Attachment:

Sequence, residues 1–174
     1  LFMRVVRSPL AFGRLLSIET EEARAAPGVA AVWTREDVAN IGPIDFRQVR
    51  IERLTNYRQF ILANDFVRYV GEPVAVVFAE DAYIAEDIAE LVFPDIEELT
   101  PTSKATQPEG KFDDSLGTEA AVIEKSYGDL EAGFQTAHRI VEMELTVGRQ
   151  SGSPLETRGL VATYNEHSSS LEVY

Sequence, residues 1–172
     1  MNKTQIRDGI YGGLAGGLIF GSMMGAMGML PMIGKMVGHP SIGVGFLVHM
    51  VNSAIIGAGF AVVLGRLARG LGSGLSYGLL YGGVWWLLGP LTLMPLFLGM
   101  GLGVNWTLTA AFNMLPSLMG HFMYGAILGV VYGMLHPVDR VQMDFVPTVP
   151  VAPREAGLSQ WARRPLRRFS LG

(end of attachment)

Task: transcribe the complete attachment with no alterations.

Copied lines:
Sequence, residues 1–174
     1  LFMRVVRSPL AFGRLLSIET EEARAAPGVA AVWTREDVAN IGPIDFRQVR
    51  IERLTNYRQF ILANDFVRYV GEPVAVVFAE DAYIAEDIAE LVFPDIEELT
   101  PTSKATQPEG KFDDSLGTEA AVIEKSYGDL EAGFQTAHRI VEMELTVGRQ
   151  SGSPLETRGL VATYNEHSSS LEVY

Sequence, residues 1–172
     1  MNKTQIRDGI YGGLAGGLIF GSMMGAMGML PMIGKMVGHP SIGVGFLVHM
    51  VNSAIIGAGF AVVLGRLARG LGSGLSYGLL YGGVWWLLGP LTLMPLFLGM
   101  GLGVNWTLTA AFNMLPSLMG HFMYGAILGV VYGMLHPVDR VQMDFVPTVP
   151  VAPREAGLSQ WARRPLRRFS LG